A lot of discussion is going on over at Andrew Breitbart’s Big Government site on a topic near and dear to those of us in the industry – this fanatical
urge to want ban phonebooks.
Finally, someone presented all of the factors:
:… But is banning the phone book really the best way to save trees? A quick rundown of some key statistics puts two very key holes in the “ban the phone book” theory of environmental reclamation. First, as it turns out, the Yellow Pages aren’t actually made from five million fresh trees, cut down in their peak to bring the phone book to your door. They’re actually made from mostly recycled material or the byproducts of other paper manufacturing, non-toxic dyes, and inks, and unused directories are “upcycled” into other things. You know that coffee cup that your non-fat soy latte with non-dairy whip comes in every morning, that says it comes from “90% recycled materials?” It’s likely made out of your old phone books.
And although city councils and environmental groups like to pretend that just because elementary school students and hipsters practically see their laptops as a fifth limb, not everyone uses Google search and Yelp to locate local resources. The Baby Boomer generation, which makes up a huge chunk of American disposable income (and holds nearly 50% of American wealth) uses the Yellow Pages at a staggering rate. Almost 85% of Boomers picked one up last year to search for a name, address or local resource. And as for that “perpetually connected” generation, Gen Y? Nearly 66% of them used Yellow Pages last year. Nearly 50% of all consumers turn to the Yellow Pages first to get information on businesses in their area. And, of course, that’s leaving out specific statistics on the population that liberals most often forget to consider–lower-income populations. Lower-income populations without continued access to the Internet are the most in need of a resource for directory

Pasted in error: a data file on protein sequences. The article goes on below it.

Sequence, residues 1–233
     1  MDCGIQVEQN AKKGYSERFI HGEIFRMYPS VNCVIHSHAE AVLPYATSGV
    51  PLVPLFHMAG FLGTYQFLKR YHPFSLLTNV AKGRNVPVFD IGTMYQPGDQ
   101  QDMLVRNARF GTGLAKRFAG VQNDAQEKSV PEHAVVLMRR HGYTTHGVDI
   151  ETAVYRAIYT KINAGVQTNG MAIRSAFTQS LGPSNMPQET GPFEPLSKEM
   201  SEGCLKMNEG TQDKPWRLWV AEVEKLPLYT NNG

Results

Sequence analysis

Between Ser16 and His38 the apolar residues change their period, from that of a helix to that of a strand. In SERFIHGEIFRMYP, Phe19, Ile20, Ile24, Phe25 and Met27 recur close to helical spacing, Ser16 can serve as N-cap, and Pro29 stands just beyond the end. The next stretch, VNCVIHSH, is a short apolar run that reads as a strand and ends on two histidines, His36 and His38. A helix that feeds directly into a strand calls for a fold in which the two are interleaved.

In a related item, the Valley Yellow Pages people have also posted a great little YouTube video to further address the many myths that surround the entire green/yellow pages/recycling discussion: click here. Every publisher should consider doing a similar clip and making sure their local government officials see it (can we make it required viewing??).
YP Talk has advocated for some time that it is time for this industry to start pushing back, to respond to these egregious accusations/mistruths/flat
out lies, and set the record straight. Glad to see some progress is finally being made. But the battle is far from over. Keep educating your local community on the value that our industry products bring to them. At the end of day, I doubt you will see any of these environmental zealots looking to help a small business market themselves. They are too busy looking for the next target to blame.